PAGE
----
Identifying Proper Pile Driving Equipment Capacity for Your Project

Identifying Proper Pile Driving Equipment Capacity for Your Project

A variety of factors can influence which equipment capacity is properly-suited to your pile driving project (such as soil conditions, pile materials, and engineering specifications) so that you are provided with structural integrity and proper load-bearing. Depending on the scope of your project, you may be able to utilize a highly efficient vibratory hammer which can be operated by a crew as small as two and mounted to an excavator. Larger projects will require all-in-one rigs to deliver optimal pile driving power.

Depending on the pile material, you will need to evaluate the pile cushions to avoid damaging the piles or equipment, which can result in costly downtime, expensive repairs and negative impact to your bottom line.

Many rig operators choose to rent pile driving equipment instead of maintaining a full fleet of machinery. This offers access to a complete line of capacities that can be tailored to specific needs and site conditions. Identifying the proper equipment before your break ground will ensure a project’s success. Working with a trusted service vendor to establish and implement inspections can help maintain all equipment and identify potential malfunctions or breakdowns before they cause significant issues.

How Soil Conditions Effect Equipment Capacity

A professional soil boring and analysis should always be conducted to help identify the right machine for the specific conditions and depths specified by the engineering team. Harder and more dense soil conditions will require different rigs than soft, sandy, or loosely aggregated soils that may need reinforcement through a process referred to as compaction.

Crews should monitor each strike and ensure that the proper strength blow is maintained throughout the installation of piles, no matter the soil conditions. Unless an operator has a highly specialized niche, they often drive piles in a wide variety of conditions and need access to a full fleet of pile driving equipment.

The soil analysis is one of the most important considerations when developing a scope for a pile driving project and identifying the right equipment. If piles are driven deeper than estimated, it is likely caused by soil conditions that are offering less resistance than anticipated. If you’re experiencing lower blow-counts, there may be subsurface pile damage. This can also indicate the presence of tensile stress along the pile and compressive stress at the toe of the pile.

Pile Materials

Pile foundations are typically constructed from concrete, steel, timber, or plastic and are designed to transfer the structural loads to soils at considerable depths underneath the structure. Different pile materials have advantages and disadvantages and will be determined by engineering specifications tailored to a project’s specific structural demands and the soil conditions.

Concrete piles are divided into two distinct categories; precast and cast-in-place. Precast concrete piles offer many advantages, including low manufacturing costs, longer driven lengths, and increasing the density of granular foundation stratum. Though they can be damaged more easily than other materials, soil may be displaced, heaved, or otherwise disturbed during driving.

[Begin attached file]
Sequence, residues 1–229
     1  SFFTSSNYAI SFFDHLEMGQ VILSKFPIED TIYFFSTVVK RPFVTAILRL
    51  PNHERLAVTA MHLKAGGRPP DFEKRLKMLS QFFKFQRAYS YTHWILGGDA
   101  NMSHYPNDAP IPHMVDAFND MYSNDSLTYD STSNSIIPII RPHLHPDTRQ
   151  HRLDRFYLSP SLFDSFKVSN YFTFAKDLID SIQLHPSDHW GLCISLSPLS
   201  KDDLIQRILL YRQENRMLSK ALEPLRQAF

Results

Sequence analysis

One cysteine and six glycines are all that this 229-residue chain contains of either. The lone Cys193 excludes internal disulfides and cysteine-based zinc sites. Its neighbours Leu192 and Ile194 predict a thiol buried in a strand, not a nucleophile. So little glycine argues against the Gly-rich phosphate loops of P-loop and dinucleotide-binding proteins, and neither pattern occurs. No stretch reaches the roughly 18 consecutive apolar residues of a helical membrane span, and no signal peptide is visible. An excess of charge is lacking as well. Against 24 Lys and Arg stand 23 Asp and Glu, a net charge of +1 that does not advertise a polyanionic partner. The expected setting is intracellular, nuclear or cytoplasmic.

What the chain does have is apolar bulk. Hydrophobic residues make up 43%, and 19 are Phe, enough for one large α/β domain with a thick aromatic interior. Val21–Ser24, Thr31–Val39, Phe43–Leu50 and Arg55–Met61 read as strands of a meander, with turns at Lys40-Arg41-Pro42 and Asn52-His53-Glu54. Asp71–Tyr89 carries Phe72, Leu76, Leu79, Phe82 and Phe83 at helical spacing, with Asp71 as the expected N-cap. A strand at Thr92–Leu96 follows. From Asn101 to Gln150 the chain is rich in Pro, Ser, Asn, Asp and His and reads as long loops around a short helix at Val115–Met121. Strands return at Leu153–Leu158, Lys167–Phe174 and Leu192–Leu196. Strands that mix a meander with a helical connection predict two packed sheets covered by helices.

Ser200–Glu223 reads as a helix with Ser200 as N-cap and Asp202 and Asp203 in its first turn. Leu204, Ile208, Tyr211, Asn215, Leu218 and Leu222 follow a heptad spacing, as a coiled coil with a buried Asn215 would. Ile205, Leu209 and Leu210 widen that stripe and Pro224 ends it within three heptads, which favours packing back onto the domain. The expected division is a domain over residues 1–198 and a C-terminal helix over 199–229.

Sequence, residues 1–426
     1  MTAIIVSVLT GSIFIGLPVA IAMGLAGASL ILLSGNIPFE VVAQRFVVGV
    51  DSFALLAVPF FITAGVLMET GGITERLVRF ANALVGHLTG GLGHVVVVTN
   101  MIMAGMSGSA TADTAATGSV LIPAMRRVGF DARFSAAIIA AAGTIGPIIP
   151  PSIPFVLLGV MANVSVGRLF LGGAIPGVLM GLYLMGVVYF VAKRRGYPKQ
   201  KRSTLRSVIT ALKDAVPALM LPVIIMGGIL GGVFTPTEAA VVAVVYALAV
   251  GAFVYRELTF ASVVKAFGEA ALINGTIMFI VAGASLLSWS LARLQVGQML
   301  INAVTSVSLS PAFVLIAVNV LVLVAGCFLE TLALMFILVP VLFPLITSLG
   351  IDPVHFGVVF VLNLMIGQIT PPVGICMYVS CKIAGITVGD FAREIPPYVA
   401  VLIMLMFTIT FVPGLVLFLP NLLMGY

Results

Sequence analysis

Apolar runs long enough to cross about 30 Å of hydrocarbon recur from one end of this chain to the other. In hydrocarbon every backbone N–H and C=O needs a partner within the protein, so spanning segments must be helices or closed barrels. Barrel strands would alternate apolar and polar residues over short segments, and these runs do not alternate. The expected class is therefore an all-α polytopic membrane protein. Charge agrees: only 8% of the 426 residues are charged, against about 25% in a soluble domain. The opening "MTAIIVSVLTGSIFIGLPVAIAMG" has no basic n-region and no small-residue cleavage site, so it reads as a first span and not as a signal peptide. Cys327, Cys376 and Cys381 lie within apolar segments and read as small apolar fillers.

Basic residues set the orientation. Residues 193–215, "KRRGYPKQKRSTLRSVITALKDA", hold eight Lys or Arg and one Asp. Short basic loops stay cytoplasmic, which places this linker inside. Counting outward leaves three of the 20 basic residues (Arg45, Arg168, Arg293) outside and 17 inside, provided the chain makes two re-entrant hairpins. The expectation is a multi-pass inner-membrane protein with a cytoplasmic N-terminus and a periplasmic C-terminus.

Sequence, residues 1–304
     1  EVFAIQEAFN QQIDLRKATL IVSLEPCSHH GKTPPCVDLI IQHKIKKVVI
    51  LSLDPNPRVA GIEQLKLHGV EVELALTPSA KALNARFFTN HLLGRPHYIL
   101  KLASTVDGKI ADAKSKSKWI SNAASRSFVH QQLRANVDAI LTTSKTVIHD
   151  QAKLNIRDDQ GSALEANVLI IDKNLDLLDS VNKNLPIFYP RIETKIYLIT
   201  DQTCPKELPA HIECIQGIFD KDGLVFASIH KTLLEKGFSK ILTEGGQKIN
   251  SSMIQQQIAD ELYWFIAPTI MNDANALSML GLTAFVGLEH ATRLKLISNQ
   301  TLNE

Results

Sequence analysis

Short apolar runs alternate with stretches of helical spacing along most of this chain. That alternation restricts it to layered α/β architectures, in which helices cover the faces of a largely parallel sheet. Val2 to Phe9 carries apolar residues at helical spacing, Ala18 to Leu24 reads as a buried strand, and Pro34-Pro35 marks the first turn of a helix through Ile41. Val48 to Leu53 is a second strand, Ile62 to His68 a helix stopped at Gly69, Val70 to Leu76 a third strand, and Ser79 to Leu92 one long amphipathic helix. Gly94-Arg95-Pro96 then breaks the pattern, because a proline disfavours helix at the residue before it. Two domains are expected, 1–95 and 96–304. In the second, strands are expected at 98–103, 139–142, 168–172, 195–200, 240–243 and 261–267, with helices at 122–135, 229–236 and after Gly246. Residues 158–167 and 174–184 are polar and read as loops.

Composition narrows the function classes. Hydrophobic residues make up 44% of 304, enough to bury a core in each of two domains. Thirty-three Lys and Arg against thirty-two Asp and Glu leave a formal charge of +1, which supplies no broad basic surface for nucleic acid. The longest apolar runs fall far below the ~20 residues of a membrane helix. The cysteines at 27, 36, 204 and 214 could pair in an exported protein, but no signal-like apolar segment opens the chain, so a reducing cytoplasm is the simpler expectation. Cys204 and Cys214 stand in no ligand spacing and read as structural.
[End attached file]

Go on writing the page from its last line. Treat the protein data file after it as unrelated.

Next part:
Cast-in-place concrete piles offer greater versatility and a dynamic solution that can be tailored to project’s with challenging engineering requirements or site conditions. For cast-in-place piles, rig operators often opt for foundation drill rig rental to gain access to foundation drilling equipment that may be too costly to include in their fleet.

CZM EK125HH Driving Pipe Pile

Steel piles feature a relatively small cross-section area compared to their height and are ideal for driving in firm soils. One downside of steel piles is that they can be corroded when exposed to certain environmental elements, including saltwater or soils with a low pH value. In some cases, steel piles may also be prohibitively expensive.

Traditional piles were constructed from timber and have become less common as access to other materials has become more readily available. They are also limited in the lengths that they can be produced in. One of the primary benefits of timber piles is that they are easier to handle and transport than concrete or steel piles and are also relatively inexpensive in areas where lumber is found in good supply. Timber piles can be easily damaged during driving and can rot when exposed to water. Also, hammers with higher capacities can damage timber piles if a proper cushion or cap is not installed.

Composite piles are commonly driven in marine settings where corrosive elements can damage steel piles or cause timber piles to rot. They offer a versatile solution for environments that are subject to extreme seasonal changes.

Making the Best Equipment Capacity Decisions

With over fifty years of experience selling and renting pile driving equipment, our dedicated team of salespeople and service technicians can help operators identify the proper machinery and troubleshoot or repair equipment in the field helping to reduce costly downtime.

RPI Equipment has a full range of drilling and pile driving equipment, and we believe in transparent communication from day one. We offer competitive pricing, and our success depends on your success.

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